London Knights add 16 new players in 2020 OHL Priority Selection

At a time when many things have to be altered, the 2020 OHL Priority Selection went ahead in much the same way that it always has.

The London Knights added 16 new names to their family, many of which come with hefty hockey connections.

In total, the Knights drafted four players whose fathers played at least at the major junior level, two went on to the National Hockey League and they also rolled the dice on a forward who some hockey experts believe could be the best player in the entire draft in Frank Nazar. London landed him in the fifth round.

The sons of Ottawa Senators head coach D.J. Smith, former NHLer Steve Dubinsky and former Sarnia Sting standout Jon Sim came before and after that selection and that says nothing of the Knights’ first two selections that sat back-to-back on London’s master draft list.

London general manager Mark Hunter called the name Ben Bujold of the Kanata Lasers at number 19 and then three picks later landed defenceman Jackson Edward of the York-Simcoe Express with the second selection of the second round.

Knights associate general manager Rob Simpson says Bujold was a player who impressed the organization every time they watched him play.

“We’re extremely excited to have Ben. He is quick and fast and always has the puck on his stick. His work ethic is exceptional and he can make plays.”

980 CFPL colour commentator Jim Van Horne believes London fans can think back to some of the qualities a player like former Knights captain Chris Tierney brought to the ice when they picture the kind of player Bujold could develop into. Tierney currently plays just a little farther east from Bujold’s hometown of Richmond, Ont., with the Ottawa Senators.

The next name the Knights had down was Edward, who Simpson says brings all kinds of dimensions to the team.

“He’s a big six-foot, one-inch defenceman who skates very well. He can transport the puck out of his own end… and has a good combination of offence and defence to his game.”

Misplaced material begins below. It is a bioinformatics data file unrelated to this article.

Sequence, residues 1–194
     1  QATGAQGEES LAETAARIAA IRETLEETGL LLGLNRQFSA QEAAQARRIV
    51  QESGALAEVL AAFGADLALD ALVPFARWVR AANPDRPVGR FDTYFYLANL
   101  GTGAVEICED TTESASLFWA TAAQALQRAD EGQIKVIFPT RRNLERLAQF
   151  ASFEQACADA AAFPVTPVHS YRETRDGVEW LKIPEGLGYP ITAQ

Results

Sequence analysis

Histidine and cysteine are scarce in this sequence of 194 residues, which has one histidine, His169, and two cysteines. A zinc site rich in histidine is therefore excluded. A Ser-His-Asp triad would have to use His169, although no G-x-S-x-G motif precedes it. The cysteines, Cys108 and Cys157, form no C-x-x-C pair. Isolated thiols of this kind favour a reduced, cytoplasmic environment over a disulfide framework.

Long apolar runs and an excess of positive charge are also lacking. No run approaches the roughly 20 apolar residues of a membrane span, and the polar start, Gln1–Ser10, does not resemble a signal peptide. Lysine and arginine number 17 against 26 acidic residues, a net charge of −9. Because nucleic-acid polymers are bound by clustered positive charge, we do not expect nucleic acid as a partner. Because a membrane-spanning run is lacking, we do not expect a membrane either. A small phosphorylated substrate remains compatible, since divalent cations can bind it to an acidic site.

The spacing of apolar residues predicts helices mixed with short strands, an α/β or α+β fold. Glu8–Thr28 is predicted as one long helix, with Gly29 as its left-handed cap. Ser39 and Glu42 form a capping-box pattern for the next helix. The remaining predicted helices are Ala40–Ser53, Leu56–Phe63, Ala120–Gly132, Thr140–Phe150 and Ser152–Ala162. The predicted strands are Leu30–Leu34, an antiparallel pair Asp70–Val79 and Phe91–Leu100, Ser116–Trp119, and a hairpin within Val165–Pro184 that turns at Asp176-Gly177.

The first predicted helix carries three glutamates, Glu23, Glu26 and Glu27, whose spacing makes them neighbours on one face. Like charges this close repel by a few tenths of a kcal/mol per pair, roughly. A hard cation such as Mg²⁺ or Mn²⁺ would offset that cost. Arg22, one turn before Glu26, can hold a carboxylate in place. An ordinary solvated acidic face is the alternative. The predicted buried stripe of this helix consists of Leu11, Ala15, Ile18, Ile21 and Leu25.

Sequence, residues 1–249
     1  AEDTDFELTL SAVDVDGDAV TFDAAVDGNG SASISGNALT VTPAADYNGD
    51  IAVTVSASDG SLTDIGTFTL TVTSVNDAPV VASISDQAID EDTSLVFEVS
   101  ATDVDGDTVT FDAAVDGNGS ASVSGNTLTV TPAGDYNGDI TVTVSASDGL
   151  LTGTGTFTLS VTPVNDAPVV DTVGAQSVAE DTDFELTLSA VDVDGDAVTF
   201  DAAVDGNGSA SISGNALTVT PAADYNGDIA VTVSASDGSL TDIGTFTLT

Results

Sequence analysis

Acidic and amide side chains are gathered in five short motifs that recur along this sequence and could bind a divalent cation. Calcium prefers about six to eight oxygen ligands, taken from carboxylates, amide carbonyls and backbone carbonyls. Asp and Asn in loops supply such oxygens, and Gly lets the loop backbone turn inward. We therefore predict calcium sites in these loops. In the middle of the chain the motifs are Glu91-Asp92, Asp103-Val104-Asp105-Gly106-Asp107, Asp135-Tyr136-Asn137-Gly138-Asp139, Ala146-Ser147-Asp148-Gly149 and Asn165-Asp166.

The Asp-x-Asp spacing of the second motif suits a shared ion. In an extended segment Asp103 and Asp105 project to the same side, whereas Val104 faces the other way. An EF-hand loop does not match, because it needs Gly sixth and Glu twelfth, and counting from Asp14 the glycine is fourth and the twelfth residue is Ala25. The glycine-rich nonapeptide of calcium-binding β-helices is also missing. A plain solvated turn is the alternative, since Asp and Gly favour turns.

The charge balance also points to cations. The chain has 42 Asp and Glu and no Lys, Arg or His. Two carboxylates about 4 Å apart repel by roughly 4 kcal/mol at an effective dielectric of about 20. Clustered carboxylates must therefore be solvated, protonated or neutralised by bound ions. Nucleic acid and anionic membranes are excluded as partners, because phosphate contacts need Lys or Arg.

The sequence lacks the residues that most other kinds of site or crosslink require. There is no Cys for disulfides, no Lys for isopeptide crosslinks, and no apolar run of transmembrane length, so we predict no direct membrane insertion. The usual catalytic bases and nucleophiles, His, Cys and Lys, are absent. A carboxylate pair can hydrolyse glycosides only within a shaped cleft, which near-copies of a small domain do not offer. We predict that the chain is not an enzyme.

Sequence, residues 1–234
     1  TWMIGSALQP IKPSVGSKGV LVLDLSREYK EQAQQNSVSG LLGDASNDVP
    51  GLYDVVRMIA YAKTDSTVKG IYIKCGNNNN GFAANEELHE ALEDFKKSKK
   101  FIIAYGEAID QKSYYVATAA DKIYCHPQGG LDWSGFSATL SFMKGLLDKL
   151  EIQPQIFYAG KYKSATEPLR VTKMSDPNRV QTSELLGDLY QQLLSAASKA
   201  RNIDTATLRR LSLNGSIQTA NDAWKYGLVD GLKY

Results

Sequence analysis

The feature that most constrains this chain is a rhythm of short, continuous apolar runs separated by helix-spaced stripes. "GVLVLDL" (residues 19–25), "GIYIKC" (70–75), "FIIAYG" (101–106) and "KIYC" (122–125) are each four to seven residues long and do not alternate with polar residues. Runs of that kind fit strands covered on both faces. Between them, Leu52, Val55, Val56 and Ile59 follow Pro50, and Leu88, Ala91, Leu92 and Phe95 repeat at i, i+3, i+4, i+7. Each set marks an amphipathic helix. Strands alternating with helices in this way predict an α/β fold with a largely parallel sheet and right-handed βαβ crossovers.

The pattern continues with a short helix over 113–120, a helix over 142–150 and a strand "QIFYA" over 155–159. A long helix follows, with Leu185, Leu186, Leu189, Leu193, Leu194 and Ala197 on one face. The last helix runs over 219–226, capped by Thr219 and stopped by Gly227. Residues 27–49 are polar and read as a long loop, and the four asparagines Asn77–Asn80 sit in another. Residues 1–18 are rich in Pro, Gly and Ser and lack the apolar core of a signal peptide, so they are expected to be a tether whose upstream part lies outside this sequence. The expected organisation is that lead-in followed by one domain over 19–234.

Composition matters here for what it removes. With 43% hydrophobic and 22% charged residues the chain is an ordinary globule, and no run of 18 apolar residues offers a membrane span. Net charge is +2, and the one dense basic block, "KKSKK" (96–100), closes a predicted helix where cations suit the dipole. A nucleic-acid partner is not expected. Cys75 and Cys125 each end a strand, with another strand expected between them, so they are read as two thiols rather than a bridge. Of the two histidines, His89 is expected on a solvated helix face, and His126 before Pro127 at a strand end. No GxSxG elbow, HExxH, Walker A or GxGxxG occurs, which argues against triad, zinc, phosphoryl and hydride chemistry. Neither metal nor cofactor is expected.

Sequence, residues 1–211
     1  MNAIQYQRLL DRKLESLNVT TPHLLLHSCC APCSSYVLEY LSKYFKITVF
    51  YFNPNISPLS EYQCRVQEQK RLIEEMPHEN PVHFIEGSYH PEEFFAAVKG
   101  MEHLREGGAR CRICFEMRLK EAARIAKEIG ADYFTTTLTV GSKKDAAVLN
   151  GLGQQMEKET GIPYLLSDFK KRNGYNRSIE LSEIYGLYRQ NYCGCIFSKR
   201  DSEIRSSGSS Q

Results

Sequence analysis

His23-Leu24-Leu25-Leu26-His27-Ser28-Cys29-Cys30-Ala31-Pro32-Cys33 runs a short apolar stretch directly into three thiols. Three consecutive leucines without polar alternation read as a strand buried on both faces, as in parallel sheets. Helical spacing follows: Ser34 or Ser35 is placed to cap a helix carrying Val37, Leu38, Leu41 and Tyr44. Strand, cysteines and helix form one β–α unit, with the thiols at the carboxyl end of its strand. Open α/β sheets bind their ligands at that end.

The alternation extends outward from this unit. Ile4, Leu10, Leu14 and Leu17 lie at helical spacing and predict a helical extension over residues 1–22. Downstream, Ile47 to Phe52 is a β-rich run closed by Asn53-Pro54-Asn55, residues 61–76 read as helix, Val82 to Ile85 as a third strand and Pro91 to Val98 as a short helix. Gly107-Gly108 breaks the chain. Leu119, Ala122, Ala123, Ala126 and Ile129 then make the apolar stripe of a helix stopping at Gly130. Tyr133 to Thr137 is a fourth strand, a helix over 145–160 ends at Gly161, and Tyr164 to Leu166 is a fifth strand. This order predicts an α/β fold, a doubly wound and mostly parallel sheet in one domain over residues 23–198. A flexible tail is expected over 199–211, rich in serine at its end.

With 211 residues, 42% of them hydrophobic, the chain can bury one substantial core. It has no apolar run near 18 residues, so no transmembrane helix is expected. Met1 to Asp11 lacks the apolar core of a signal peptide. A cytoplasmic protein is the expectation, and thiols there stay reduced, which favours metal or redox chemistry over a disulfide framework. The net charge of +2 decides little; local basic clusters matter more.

Team personnel decorated screens through Zoom as opposed to seats in a war room making sure COVID-19 precautions were followed and some things ended up working out better that way.

“It was kind of funny,” laughed Simpson. “If guys got talking too much or got too argumentative, you were able to mute them out.”

That’s a feature that doesn’t exist under normal circumstances when everyone is in the same place.

Next came Colton Smith who, after his dad was named Senators head coach, moved to Ottawa and actually played on a line with Bujold as part of the Kanata Lasers.

Simpson says Smith is one of the best goal scorers in the draft.

Their fourth pick not only brought London a father-son connection, but it also brought a Mark Hunter connection to a player who used to play for him when Hunter was the head coach of the Sarnia Sting.

Landon Sim is the son of Jon Sim who recorded back-to-back 56-goal seasons with Hunter in 1995-96 and 96-97. Sim went on to play 469 games in the NHL.

Jon Sim is from Nova Scotia and was able to play in the OHL because when he was in major junior there were no teams in the Maritimes in the QMJHL. Landon Sim has been playing in Nova Scotia but made the decision to declare to be eligible to play in the OHL because his father had done so.

Like his father, Landon Sim is not a big player but he oozes skill and determination just like his dad.

For the third-straight selection, the Knights found bloodlines when they nabbed Brody Crane, whose dad Derrick played for London from 1990 to 1993 before being moved to the Ottawa 67s and Windsor Spitfires.